If one were to read the Abhidhamma as a modern text-book on psychology, one would be disappointed. No attempt has here been made to solve all the problems that confront a modern psychologist.
Consciousness (Citta) is defined. Thoughts are analysed and classified chiefly from an ethical standpoint. All mental properties (Cetasika) are enumerated. The composition of each type of consciousness is set forth in detail. How thoughts arise is minutely described. Bhavanga and Javana thought-moments, which are explained only in the Abhidhamma, and which have no parallel in modern psychology, are of special interest to research students in psychology. Irrelevant problems that interest students and scholars, but have no relation to one's Deliverance, are deliberately set aside.
Matter is summarily discussed, but it has not been described for physicists. Fundamental units of matter, material properties, source of matter, relationship of mind and matter are explained. Abhidhamma does not attempt to give a systematised knowledge of mind and matter. It investigates these two composite factors of the so-called being, to help the understanding of things as they truly are. A philosophy has been developed on those lines. Based on that philosophy, an ethical system has been evolved to realize the ultimate Goal, Nibbana. As Mrs. Rhys Davids rightly says: "Abhidhamma deals with (i) what we find (a) within us (b) around us and of (ii) what we aspire to find.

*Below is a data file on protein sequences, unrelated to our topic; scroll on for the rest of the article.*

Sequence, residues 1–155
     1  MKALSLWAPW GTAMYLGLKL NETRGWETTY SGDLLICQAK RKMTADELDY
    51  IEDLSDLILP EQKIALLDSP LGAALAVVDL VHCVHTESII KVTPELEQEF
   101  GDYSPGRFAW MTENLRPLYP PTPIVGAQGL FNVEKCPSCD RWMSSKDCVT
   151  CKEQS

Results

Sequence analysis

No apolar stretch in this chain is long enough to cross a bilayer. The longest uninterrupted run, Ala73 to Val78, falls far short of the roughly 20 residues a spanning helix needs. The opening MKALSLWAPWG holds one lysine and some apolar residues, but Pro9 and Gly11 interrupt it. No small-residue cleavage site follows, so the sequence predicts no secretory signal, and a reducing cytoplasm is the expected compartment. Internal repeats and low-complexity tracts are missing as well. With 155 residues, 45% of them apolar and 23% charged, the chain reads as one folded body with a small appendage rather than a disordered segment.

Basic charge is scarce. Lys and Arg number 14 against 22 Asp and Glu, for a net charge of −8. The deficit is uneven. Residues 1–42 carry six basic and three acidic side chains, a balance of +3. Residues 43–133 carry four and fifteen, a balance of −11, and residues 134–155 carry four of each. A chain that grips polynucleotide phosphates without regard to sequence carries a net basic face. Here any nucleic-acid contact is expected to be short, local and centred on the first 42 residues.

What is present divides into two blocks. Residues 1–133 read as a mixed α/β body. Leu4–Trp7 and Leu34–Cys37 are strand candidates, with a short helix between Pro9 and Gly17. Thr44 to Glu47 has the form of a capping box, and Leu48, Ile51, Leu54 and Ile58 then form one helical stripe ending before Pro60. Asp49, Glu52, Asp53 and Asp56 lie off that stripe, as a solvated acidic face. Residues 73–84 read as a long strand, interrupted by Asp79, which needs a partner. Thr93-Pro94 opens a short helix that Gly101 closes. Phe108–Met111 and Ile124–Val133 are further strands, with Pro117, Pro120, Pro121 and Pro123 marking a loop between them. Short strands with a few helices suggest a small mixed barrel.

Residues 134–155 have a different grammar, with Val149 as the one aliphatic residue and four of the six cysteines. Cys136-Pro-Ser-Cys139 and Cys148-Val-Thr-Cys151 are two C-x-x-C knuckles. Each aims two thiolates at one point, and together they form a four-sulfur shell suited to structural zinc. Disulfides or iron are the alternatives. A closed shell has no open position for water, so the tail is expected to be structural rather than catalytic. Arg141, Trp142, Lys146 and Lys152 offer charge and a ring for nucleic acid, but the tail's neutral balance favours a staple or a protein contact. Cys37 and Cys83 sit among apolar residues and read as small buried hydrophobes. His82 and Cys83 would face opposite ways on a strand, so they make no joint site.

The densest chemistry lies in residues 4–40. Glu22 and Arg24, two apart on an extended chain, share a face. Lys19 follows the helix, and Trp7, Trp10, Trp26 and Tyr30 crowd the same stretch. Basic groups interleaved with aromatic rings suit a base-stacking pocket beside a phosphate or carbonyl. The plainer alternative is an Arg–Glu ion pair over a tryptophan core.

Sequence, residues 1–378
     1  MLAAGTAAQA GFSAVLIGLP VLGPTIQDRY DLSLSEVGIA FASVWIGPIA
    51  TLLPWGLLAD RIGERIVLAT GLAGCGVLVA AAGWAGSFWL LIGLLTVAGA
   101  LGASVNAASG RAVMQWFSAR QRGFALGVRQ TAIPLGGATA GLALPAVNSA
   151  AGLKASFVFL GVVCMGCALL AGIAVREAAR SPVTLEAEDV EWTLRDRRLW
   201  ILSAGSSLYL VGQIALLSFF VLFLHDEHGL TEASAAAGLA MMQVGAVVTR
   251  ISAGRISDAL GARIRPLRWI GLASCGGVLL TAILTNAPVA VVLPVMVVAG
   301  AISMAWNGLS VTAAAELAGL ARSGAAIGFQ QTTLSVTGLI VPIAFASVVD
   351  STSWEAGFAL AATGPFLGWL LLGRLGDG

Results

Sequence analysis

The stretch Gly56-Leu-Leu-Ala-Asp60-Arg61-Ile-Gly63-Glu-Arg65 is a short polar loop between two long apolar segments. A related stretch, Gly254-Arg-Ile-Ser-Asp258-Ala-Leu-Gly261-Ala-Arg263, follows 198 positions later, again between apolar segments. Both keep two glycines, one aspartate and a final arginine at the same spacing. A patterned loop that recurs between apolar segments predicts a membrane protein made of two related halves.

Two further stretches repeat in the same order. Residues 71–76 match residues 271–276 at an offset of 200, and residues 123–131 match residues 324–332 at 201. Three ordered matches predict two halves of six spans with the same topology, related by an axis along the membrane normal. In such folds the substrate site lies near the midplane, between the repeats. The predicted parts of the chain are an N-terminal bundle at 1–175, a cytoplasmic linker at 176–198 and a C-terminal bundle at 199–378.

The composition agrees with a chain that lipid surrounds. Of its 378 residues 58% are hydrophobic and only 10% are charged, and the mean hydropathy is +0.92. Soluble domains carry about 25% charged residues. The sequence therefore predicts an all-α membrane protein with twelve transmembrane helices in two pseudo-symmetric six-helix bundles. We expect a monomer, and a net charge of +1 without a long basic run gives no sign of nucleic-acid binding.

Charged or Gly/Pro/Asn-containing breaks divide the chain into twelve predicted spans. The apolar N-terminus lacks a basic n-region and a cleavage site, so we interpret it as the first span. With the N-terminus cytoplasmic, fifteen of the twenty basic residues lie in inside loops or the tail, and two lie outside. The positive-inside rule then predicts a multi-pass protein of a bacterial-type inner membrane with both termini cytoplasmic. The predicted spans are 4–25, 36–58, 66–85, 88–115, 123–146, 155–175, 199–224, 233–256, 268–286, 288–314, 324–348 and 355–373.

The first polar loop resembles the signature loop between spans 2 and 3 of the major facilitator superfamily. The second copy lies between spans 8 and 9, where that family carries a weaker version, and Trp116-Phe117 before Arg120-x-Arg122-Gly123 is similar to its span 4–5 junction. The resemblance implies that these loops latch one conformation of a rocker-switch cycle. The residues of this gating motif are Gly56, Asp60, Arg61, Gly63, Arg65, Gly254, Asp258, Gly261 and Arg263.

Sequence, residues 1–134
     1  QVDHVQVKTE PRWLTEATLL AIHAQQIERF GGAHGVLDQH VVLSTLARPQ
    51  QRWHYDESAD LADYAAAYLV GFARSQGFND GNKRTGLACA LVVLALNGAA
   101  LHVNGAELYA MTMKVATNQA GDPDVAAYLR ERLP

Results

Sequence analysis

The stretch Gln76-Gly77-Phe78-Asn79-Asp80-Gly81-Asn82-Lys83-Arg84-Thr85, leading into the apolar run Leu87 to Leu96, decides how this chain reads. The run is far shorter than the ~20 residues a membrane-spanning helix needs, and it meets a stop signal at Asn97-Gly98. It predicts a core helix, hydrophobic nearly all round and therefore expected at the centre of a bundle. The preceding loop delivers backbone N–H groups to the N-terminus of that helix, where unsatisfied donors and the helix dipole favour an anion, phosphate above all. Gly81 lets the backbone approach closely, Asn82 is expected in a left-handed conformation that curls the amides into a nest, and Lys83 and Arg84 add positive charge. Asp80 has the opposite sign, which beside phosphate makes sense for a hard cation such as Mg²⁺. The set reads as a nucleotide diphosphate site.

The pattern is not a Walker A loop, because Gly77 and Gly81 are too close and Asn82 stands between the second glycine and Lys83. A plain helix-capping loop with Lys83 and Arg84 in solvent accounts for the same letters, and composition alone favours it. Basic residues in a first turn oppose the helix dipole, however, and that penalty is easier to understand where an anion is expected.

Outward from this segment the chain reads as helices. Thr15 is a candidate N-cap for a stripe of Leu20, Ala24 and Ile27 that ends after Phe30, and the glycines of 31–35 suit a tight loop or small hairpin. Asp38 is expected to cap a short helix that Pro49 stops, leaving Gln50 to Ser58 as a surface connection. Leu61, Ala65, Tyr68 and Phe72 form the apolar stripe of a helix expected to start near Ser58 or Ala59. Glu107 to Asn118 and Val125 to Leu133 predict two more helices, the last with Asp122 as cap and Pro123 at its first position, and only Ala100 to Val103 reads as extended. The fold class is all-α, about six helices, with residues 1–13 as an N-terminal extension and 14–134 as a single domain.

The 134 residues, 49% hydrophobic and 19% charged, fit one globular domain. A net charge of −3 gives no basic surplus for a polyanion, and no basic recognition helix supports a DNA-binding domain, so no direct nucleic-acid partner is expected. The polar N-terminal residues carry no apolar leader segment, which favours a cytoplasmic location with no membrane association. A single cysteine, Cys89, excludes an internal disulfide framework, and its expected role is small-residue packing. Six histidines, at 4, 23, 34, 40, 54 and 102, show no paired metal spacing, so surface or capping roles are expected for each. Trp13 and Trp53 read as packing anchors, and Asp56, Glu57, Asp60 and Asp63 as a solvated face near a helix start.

While the Sutta Pitaka contains the conventional teaching (vohara desana), the Abhidhamma Pitaka contains the ultimate teaching (paramattha desana).
It is generally admitted by most exponents of the Dhamma that a knowledge of the Abhidhamma is essential to comprehend fully the Teachings of the Buddha, as it presents the key that opens the door of reality.
The Abhidhamma Pitaka is composed of the following seven works:
1. Dhammasangani (Classification of Dhamma)
2. Vibhanga (Divisions)
3. Dhatukatha (Discourse on Elements)
4. Puggala Pannatti (The Book on Individuals)
5. Kathavatthu (Points of Controversy)
6. Yamaka (The Book of Pairs)
7. Patthana (The Book of Causal Relations)
Taken from "The Buddha and His Teachings"
By Ven. Narada Maha Thera
Published by Cultural Conservation Trust